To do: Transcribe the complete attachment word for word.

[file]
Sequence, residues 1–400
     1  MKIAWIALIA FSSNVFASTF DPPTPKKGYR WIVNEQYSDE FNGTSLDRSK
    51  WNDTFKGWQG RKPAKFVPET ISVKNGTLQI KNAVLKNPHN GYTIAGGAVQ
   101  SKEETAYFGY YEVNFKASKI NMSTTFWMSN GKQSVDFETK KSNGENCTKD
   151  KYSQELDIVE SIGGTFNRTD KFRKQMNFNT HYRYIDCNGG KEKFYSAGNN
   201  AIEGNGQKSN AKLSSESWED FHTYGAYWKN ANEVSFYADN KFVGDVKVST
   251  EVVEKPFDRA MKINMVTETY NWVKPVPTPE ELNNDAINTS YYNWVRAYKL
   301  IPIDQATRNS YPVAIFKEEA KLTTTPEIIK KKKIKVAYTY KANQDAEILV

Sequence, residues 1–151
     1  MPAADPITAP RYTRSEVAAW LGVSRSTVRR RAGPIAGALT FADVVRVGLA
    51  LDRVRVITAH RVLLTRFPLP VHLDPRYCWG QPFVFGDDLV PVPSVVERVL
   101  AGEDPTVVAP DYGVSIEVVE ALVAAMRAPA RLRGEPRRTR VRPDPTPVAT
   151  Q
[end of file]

Sequence, residues 1–400
     1  MKIAWIALIA FSSNVFASTF DPPTPKKGYR WIVNEQYSDE FNGTSLDRSK
    51  WNDTFKGWQG RKPAKFVPET ISVKNGTLQI KNAVLKNPHN GYTIAGGAVQ
   101  SKEETAYFGY YEVNFKASKI NMSTTFWMSN GKQSVDFETK KSNGENCTKD
   151  KYSQELDIVE SIGGTFNRTD KFRKQMNFNT HYRYIDCNGG KEKFYSAGNN
   201  AIEGNGQKSN AKLSSESWED FHTYGAYWKN ANEVSFYADN KFVGDVKVST
   251  EVVEKPFDRA MKINMVTETY NWVKPVPTPE ELNNDAINTS YYNWVRAYKL
   301  IPIDQATRNS YPVAIFKEEA KLTTTPEIIK KKKIKVAYTY KANQDAEILV

Sequence, residues 1–151
     1  MPAADPITAP RYTRSEVAAW LGVSRSTVRR RAGPIAGALT FADVVRVGLA
    51  LDRVRVITAH RVLLTRFPLP VHLDPRYCWG QPFVFGDDLV PVPSVVERVL
   101  AGEDPTVVAP DYGVSIEVVE ALVAAMRAPA RLRGEPRRTR VRPDPTPVAT
   151  Q